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Indie Filmmaking
Independent Filmmaking news, stories, and links about and for filmmakers. With a techie angle.
Curated by Jeremy Wilker
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BBC cameraman Christian Parkinson tells all in his new e-book – Camera Confidential

BBC cameraman Christian Parkinson tells all in his new e-book – Camera Confidential | Indie Filmmaking | Scoop.it

I’ve just published a new book about working as a TV news and documentary shooter. Camera Confidential is for image makers who love to tell stories. No matter what you call yourself – cameraman, video journalist, shoot/edit, multimedia journalist, backpack journalist, SoJo, photog, shooter, photojournalist, video producer or visual journalist – this book will have something for you.


Camera Confidential is not about the technical side of video journalism. It doesn’t explain white balancing, the difference between CCD and CMOS sensors or different camera specs – I’ll leave that to the guys here at Newsshooter. Instead, this is the book I wish somebody had given to me when I started shooting many years ago. It will answer questions such as: How do I find my first job? What paperwork do I need to complete when travelling with kit? What gear should I carry in a war zone? How should I protect my camera when shooting in the desert/snow/jungle? How do I shoot an anonymous interview?

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10 under-the-radar websites every film buff should know about

10 under-the-radar websites every film buff should know about | Indie Filmmaking | Scoop.it
These blogs routinely produce some of the most insightful work around
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Video Now report

Video Now report | Indie Filmmaking | Scoop.it

From October, 2013 until February, 2014, Video Now  visited newsrooms across the United States to interview and observe reporters and editors producing video journalism. Video has become an important editorial tool, as well as a potentially large revenue source for newsrooms. But, as of the fall of 2013, there seemed to be no consensus on how to produce news videos or how to profit from them. With that in mind, Video Now , funded by the Tow Center for Digital Journalism, set out to answer three main questions:

⋅ How do news organizations define video?
⋅ How do they produce video?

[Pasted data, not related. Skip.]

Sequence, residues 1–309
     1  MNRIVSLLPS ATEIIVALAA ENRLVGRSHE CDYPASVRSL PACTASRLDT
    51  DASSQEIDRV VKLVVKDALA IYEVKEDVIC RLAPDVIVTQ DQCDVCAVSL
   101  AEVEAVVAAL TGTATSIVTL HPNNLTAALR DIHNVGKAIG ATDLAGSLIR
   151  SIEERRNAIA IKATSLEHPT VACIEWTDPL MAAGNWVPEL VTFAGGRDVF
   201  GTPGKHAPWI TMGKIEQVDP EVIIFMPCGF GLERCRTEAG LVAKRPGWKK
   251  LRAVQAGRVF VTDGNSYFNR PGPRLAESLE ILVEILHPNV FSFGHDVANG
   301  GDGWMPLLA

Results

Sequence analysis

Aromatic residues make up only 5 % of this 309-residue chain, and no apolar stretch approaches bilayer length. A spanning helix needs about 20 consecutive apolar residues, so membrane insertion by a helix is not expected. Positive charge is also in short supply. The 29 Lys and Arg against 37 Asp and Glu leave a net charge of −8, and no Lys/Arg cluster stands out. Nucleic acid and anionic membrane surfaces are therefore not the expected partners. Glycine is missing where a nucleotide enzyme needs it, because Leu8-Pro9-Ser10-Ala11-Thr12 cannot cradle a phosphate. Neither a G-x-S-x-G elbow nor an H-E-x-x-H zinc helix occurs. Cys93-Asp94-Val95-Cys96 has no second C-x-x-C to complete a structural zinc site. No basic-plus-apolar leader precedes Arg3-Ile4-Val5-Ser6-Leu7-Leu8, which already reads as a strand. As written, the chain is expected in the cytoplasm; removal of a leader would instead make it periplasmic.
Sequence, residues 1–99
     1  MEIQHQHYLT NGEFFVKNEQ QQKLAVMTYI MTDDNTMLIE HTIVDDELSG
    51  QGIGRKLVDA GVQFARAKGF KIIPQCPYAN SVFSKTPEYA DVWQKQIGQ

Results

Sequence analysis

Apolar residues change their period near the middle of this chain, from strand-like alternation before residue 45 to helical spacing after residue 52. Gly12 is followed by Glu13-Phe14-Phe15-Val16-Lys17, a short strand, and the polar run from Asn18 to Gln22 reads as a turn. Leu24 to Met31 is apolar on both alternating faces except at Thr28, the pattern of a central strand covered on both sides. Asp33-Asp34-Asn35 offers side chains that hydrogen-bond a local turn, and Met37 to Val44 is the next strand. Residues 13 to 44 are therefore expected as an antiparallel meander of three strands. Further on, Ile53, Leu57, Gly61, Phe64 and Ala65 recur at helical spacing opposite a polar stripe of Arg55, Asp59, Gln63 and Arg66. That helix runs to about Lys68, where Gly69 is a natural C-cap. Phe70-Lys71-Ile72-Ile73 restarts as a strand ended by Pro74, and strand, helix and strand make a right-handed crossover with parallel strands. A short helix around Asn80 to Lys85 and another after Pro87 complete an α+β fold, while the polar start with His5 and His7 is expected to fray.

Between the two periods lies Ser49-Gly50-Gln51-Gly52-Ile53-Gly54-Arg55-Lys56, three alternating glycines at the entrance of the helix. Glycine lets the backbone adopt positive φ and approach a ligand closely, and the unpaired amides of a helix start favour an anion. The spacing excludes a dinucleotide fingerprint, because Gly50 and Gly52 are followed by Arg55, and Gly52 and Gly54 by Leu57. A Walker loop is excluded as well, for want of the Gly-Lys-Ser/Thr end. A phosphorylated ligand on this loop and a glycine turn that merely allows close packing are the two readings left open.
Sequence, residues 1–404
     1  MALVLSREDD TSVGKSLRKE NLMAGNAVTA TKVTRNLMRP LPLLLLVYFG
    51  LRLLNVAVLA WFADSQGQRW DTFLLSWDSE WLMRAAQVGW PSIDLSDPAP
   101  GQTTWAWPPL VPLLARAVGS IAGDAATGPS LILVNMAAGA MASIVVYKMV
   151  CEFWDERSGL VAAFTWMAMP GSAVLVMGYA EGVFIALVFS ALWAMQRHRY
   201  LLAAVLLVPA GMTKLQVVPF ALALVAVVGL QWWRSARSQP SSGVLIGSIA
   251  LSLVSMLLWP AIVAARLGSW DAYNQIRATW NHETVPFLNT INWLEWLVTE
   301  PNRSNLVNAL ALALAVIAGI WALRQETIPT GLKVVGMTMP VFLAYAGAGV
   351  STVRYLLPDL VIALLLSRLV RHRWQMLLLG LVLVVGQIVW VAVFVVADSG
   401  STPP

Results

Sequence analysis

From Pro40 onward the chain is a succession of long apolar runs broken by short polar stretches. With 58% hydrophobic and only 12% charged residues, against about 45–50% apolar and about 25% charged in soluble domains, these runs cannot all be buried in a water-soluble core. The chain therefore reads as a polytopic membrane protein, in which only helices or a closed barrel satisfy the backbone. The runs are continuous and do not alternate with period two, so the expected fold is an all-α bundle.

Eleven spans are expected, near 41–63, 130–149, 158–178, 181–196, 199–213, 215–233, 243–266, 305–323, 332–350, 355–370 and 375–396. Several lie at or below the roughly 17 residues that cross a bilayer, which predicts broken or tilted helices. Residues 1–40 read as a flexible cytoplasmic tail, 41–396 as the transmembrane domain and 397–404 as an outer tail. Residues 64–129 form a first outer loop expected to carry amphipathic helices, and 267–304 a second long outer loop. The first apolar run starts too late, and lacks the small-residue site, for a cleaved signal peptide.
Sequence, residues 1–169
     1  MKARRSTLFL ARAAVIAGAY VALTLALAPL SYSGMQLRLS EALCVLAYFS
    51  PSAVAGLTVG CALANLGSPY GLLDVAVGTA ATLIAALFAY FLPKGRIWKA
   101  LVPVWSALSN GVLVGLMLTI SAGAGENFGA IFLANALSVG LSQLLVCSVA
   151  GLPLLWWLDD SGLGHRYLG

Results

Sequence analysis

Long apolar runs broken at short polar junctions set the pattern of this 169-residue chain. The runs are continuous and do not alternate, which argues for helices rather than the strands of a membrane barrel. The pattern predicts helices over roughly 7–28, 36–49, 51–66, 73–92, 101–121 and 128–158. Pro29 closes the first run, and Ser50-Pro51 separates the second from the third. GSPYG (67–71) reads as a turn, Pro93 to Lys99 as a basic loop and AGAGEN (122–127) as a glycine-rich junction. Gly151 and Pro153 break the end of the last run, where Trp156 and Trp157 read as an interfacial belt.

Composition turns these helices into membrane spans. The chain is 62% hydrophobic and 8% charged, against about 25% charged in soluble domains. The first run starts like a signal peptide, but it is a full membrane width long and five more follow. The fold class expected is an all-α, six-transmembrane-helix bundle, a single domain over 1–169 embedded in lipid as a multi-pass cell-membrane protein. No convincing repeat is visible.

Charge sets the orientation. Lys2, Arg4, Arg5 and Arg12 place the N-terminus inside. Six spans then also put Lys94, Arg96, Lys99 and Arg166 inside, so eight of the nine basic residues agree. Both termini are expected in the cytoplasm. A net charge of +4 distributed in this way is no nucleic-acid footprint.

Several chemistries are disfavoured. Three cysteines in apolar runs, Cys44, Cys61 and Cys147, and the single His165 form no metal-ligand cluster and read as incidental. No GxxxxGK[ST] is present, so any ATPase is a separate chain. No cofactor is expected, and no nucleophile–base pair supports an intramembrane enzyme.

⋅ What is their return on investment?

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Canon announce $33K US 17-120mm ENG style servo lens for large sensor cameras

Canon announce $33K US 17-120mm ENG style servo lens for large sensor cameras | Indie Filmmaking | Scoop.it

Canon have pre-released information about their new Cine-Servo Zoom Lens. Designed for ENG, documentary and narratives this new lens features an incredible range of 17-120mm, at a bright T2.95 (although it drops to T3.9 at 120mm). This is a direct competitor to the popular Fujinon Cabrio range. Canon seem to have traded the extended zoom range with the loss of the constant aperture at the long end.

Canon say it’s optics have been designed for 4K performance. It has an eleven blade iris for smooth bokeh and features a removable servo zoom.  The lens mount is interchangeable between PL and EOS mount

Jeremy Wilker's insight:

wow.

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Travel Ninja: 26 tips for travel survival

Travel Ninja: 26 tips for travel survival | Indie Filmmaking | Scoop.it
Become a Travel Ninja! – 26 practical tips for travel survival This post is from a section of my upcoming book – “Camera confidential” which covers everything about becoming a successful news and documentary shooter.
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Why Detroit’s WXYZ Made the Move to Final Cut Pro X

Why Detroit’s WXYZ Made the Move to Final Cut Pro X | Indie Filmmaking | Scoop.it

The biggest hurdle, he admits, was training. "But we had a great combination of outsiders we brought in to train a core group of internal editors that went on to train their comrades. As I move from station to station and we discuss the transition, almost everyone has told me the same thing: 'The first week it was difficult to wrap my head around it. But now that we have it, I don't ever want to go back.' I've heard that quote verbatim again and again.